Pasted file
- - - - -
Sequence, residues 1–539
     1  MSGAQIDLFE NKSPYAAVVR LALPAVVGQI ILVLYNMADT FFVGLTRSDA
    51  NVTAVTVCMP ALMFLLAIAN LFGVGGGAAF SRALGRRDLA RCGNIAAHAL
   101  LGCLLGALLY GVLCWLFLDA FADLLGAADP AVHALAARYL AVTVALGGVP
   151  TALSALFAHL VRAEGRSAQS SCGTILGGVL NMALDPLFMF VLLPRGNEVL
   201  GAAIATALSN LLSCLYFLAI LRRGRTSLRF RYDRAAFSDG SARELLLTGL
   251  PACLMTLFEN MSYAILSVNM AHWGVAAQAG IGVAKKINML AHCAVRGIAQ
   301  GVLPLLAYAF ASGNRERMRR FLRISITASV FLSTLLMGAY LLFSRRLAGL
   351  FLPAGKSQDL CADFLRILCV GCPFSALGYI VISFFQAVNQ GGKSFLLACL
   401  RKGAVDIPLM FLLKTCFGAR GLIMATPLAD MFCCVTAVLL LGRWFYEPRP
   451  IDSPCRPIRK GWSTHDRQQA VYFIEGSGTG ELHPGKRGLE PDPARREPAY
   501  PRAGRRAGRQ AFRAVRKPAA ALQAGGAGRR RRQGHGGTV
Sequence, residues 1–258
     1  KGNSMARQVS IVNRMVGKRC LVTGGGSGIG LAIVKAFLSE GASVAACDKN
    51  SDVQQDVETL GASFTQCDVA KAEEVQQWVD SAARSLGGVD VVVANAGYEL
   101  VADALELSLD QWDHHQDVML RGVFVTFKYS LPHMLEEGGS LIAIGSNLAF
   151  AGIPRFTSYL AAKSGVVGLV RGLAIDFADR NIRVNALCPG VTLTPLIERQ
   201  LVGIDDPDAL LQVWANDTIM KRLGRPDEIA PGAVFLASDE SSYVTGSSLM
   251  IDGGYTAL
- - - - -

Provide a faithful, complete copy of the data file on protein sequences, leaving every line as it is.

Sequence, residues 1–539
     1  MSGAQIDLFE NKSPYAAVVR LALPAVVGQI ILVLYNMADT FFVGLTRSDA
    51  NVTAVTVCMP ALMFLLAIAN LFGVGGGAAF SRALGRRDLA RCGNIAAHAL
   101  LGCLLGALLY GVLCWLFLDA FADLLGAADP AVHALAARYL AVTVALGGVP
   151  TALSALFAHL VRAEGRSAQS SCGTILGGVL NMALDPLFMF VLLPRGNEVL
   201  GAAIATALSN LLSCLYFLAI LRRGRTSLRF RYDRAAFSDG SARELLLTGL
   251  PACLMTLFEN MSYAILSVNM AHWGVAAQAG IGVAKKINML AHCAVRGIAQ
   301  GVLPLLAYAF ASGNRERMRR FLRISITASV FLSTLLMGAY LLFSRRLAGL
   351  FLPAGKSQDL CADFLRILCV GCPFSALGYI VISFFQAVNQ GGKSFLLACL
   401  RKGAVDIPLM FLLKTCFGAR GLIMATPLAD MFCCVTAVLL LGRWFYEPRP
   451  IDSPCRPIRK GWSTHDRQQA VYFIEGSGTG ELHPGKRGLE PDPARREPAY
   501  PRAGRRAGRQ AFRAVRKPAA ALQAGGAGRR RRQGHGGTV
Sequence, residues 1–258
     1  KGNSMARQVS IVNRMVGKRC LVTGGGSGIG LAIVKAFLSE GASVAACDKN
    51  SDVQQDVETL GASFTQCDVA KAEEVQQWVD SAARSLGGVD VVVANAGYEL
   101  VADALELSLD QWDHHQDVML RGVFVTFKYS LPHMLEEGGS LIAIGSNLAF
   151  AGIPRFTSYL AAKSGVVGLV RGLAIDFADR NIRVNALCPG VTLTPLIERQ
   201  LVGIDDPDAL LQVWANDTIM KRLGRPDEIA PGAVFLASDE SSYVTGSSLM
   251  IDGGYTAL